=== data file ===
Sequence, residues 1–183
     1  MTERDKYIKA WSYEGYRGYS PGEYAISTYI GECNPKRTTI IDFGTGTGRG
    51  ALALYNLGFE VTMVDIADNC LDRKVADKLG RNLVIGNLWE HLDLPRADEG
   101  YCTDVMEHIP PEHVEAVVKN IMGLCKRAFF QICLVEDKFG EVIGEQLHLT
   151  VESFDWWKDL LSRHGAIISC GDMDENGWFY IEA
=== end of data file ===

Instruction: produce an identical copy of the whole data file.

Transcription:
Sequence, residues 1–183
     1  MTERDKYIKA WSYEGYRGYS PGEYAISTYI GECNPKRTTI IDFGTGTGRG
    51  ALALYNLGFE VTMVDIADNC LDRKVADKLG RNLVIGNLWE HLDLPRADEG
   101  YCTDVMEHIP PEHVEAVVKN IMGLCKRAFF QICLVEDKFG EVIGEQLHLT
   151  VESFDWWKDL LSRHGAIISC GDMDENGWFY IEA